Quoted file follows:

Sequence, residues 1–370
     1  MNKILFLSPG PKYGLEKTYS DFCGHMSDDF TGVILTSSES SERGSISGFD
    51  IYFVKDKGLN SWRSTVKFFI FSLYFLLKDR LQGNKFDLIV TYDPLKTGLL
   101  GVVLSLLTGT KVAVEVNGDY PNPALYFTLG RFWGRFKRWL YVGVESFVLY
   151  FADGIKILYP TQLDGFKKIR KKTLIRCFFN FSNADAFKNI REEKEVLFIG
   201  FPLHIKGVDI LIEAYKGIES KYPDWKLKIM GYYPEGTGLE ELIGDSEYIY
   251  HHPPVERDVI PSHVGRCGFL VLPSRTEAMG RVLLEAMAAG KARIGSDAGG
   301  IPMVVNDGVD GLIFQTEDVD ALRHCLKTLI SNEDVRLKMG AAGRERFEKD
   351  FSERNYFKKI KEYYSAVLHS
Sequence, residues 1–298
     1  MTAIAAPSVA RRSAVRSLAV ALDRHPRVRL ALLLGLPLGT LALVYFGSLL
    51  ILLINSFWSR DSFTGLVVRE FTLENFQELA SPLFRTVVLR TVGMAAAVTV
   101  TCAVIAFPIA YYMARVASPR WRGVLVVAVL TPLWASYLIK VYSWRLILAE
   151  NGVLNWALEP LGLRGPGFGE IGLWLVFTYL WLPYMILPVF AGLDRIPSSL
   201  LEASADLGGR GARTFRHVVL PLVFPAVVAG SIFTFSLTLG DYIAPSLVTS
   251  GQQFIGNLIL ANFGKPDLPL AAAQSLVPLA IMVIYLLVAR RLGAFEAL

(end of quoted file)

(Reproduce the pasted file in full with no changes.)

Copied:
Sequence, residues 1–370
     1  MNKILFLSPG PKYGLEKTYS DFCGHMSDDF TGVILTSSES SERGSISGFD
    51  IYFVKDKGLN SWRSTVKFFI FSLYFLLKDR LQGNKFDLIV TYDPLKTGLL
   101  GVVLSLLTGT KVAVEVNGDY PNPALYFTLG RFWGRFKRWL YVGVESFVLY
   151  FADGIKILYP TQLDGFKKIR KKTLIRCFFN FSNADAFKNI REEKEVLFIG
   201  FPLHIKGVDI LIEAYKGIES KYPDWKLKIM GYYPEGTGLE ELIGDSEYIY
   251  HHPPVERDVI PSHVGRCGFL VLPSRTEAMG RVLLEAMAAG KARIGSDAGG
   301  IPMVVNDGVD GLIFQTEDVD ALRHCLKTLI SNEDVRLKMG AAGRERFEKD
   351  FSERNYFKKI KEYYSAVLHS
Sequence, residues 1–298
     1  MTAIAAPSVA RRSAVRSLAV ALDRHPRVRL ALLLGLPLGT LALVYFGSLL
    51  ILLINSFWSR DSFTGLVVRE FTLENFQELA SPLFRTVVLR TVGMAAAVTV
   101  TCAVIAFPIA YYMARVASPR WRGVLVVAVL TPLWASYLIK VYSWRLILAE
   151  NGVLNWALEP LGLRGPGFGE IGLWLVFTYL WLPYMILPVF AGLDRIPSSL
   201  LEASADLGGR GARTFRHVVL PLVFPAVVAG SIFTFSLTLG DYIAPSLVTS
   251  GQQFIGNLIL ANFGKPDLPL AAAQSLVPLA IMVIYLLVAR RLGAFEAL